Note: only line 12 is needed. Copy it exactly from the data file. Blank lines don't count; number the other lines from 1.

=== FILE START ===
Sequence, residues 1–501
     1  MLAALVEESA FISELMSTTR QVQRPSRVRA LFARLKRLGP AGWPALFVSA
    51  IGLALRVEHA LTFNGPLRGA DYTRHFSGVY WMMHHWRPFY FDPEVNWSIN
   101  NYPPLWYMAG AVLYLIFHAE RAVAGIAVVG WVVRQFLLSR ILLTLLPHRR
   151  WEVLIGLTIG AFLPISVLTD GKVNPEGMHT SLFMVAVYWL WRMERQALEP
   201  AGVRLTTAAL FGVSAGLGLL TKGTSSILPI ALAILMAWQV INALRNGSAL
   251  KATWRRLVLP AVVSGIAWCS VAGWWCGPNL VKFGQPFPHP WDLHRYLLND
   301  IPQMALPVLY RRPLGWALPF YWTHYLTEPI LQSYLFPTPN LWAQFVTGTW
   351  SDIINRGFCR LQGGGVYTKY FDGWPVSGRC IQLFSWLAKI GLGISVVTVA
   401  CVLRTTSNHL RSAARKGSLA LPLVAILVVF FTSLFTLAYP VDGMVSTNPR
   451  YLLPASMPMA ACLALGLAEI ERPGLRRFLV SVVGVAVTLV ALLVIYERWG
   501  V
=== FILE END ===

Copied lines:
   501  V